The OECD identifies a number of advantages in utilising digital formats for delivering financial education including:
- Ability to make the program interactive;
- adaptability to suit individual circumstances regarding time, format and space
- potential to appeal to younger markets;
- cheaper and easier to update information and include current policies or trends; and
Online delivery of financial education can be readily adapted to include multiple languages and facilitate the needs of people with vision or hearing impairments.
Accessing financial education online can also help reduce the social stigma which can be experienced by people if they feel uncomfortable about their financial situations or don’t wish to be seen as needing help with their finances.
Online delivery challenges
Designing programs for digital formats requires responsiveness to changes in devices, screen sizes and other technological functions. There will be the need for organisations delivering education in this format to keep up to date with links, policy changes and other trends that can impact the relevance of the content.
Moreover, while there is a narrowing in the digital divide due to the pervasiveness and reliance upon digital devices to meet social, business and consumer needs, there are still many groups who do not have access to digital devices and the internet or have low levels of digital literacy. This makes it important to continue offering a variety of methods to facilitate widespread access to financial education in the community.
Web-based and online delivery of financial education presents some challenges to capturing and responding to feedback unless there is live chat facility. Providing face-to-face financial education either in workshops or one-to-one allows the participant to ask questions in real time - and the instructor can readily gauge levels of participant understanding through interaction with the participant. As technology develops however, interactive features are increasingly offered through various platforms and these challenges can be overcome.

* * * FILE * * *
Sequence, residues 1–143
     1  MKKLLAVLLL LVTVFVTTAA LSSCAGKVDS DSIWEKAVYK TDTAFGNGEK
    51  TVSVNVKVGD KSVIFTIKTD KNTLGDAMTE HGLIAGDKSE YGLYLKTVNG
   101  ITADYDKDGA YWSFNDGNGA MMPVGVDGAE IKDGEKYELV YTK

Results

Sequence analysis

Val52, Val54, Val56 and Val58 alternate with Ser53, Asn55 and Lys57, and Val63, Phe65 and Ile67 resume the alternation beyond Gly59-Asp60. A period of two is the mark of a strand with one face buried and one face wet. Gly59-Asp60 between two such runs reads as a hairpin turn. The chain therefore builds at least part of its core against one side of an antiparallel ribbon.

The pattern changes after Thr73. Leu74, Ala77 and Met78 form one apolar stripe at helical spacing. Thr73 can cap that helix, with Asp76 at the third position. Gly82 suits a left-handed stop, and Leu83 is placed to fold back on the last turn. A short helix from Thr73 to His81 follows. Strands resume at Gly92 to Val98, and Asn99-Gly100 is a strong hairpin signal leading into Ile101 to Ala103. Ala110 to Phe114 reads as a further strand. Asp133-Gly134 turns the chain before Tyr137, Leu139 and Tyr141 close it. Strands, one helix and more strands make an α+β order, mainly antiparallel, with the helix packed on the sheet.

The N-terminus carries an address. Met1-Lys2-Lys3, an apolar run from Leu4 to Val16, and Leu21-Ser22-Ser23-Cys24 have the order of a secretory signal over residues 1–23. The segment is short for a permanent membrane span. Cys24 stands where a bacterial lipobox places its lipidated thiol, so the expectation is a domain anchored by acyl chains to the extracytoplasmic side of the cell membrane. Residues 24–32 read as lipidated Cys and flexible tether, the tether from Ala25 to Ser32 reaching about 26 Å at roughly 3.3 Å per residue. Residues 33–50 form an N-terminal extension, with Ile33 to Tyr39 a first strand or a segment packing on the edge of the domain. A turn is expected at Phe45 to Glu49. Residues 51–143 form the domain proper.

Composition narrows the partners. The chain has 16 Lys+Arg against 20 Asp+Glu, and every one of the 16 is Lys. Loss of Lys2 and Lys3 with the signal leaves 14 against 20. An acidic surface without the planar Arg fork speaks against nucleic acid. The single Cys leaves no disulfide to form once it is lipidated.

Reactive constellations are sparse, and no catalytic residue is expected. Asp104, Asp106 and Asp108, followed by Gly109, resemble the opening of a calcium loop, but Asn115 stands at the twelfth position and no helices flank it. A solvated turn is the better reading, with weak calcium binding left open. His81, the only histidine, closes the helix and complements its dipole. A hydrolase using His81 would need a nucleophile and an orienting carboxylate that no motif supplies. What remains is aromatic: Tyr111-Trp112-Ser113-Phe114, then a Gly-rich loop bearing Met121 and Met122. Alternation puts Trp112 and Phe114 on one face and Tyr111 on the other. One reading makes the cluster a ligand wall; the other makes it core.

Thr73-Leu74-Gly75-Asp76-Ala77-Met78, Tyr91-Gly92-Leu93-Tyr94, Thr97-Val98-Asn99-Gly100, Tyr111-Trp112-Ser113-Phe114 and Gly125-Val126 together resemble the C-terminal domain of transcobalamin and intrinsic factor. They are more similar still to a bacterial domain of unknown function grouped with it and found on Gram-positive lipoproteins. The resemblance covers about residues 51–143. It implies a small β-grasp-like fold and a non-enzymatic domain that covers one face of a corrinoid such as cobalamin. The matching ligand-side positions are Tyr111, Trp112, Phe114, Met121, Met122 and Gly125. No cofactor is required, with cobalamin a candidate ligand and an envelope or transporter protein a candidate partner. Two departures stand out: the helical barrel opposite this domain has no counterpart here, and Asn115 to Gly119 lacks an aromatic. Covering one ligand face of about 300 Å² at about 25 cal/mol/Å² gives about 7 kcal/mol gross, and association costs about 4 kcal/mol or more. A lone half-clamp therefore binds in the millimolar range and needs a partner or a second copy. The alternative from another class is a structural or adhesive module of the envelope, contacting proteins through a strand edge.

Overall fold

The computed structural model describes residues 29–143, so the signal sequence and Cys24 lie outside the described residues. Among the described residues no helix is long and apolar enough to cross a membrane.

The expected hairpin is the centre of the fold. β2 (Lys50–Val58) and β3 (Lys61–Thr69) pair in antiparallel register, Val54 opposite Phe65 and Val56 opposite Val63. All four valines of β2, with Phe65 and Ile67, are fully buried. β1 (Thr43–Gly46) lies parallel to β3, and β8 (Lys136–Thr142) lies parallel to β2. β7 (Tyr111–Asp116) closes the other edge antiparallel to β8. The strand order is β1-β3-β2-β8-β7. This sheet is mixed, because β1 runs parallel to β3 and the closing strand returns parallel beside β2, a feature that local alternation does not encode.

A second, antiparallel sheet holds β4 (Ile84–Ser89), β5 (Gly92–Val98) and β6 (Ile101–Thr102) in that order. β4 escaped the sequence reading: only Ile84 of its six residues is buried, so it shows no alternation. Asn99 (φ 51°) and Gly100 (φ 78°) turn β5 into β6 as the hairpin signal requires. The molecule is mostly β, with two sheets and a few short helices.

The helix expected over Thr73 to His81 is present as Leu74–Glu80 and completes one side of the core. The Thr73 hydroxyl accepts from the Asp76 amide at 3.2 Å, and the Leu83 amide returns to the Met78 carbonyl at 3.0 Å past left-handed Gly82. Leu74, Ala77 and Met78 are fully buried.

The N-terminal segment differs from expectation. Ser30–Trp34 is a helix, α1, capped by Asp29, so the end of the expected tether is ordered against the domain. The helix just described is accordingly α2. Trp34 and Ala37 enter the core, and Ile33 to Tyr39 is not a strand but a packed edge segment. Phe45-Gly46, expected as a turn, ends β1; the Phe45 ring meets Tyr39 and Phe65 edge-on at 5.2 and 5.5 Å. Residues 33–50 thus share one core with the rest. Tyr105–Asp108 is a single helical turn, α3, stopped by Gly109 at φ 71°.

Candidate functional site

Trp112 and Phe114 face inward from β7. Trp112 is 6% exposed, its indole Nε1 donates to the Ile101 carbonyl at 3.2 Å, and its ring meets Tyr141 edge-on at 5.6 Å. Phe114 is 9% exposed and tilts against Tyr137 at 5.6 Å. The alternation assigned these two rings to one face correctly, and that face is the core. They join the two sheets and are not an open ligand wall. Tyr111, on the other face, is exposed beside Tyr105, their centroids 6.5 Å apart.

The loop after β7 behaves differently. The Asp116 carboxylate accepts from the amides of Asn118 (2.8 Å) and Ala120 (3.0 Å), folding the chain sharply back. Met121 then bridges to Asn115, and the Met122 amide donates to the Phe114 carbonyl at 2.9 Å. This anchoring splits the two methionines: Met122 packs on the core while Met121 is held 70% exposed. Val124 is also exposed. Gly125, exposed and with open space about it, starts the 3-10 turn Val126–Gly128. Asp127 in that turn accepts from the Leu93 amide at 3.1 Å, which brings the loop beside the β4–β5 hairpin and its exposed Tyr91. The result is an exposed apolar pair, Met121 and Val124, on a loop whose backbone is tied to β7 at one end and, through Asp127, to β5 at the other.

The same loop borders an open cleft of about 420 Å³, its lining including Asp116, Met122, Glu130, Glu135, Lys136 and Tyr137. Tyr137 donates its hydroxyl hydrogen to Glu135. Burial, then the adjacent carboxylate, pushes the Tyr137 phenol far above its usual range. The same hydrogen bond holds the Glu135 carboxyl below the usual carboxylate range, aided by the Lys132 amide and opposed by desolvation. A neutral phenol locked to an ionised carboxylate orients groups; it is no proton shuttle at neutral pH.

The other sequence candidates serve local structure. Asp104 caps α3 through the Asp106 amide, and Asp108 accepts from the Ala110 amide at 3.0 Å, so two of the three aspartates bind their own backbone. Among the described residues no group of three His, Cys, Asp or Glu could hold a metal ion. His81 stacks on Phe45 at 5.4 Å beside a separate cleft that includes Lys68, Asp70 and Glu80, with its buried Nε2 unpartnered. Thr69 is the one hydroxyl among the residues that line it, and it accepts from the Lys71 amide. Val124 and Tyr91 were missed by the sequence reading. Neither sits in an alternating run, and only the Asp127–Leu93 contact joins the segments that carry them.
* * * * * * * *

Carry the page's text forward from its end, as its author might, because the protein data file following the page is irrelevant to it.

Evidence of effectiveness
The efficacy of online financial education modules needs more testing. There are limited evaluations available and the few studies there are primarily conducted with student populations in the US.
A study conducted with high school students in the US who completed an online module “Soar to Savings” showed significant improvements in student knowledge after doing the module. Similarly, a large study with US undergraduate students who completed an online course “Financial Literacy 101” between 2012 and 2017 also found the program increased students’ subjective knowledge.
One of the few non-student studies exploring online financial education was conducted in Columbia. The program was targeted to participants of a cash transfer program, mostly lower-income females. The randomised evaluation showed significantly positive impacts on participants’ knowledge, behaviours, attitudes and overall financial health. The effects of the program were found to have lasted approximately two years.
Related to but not the same as web-based financial education, the use of online forums has shown to be beneficial to people seeking financial information. Online Self-Organising Social Systems (OSOSS) can be a useful complementary mode to traditional financial education or other sources of financial information.
These are all promising indications of the opportunity for online education. As a complement to traditional delivery, online delivery is likely to be an increasingly important platform.
Roslyn Russell is a Professor in the School of Economics, Finance and Marketing at RMIT University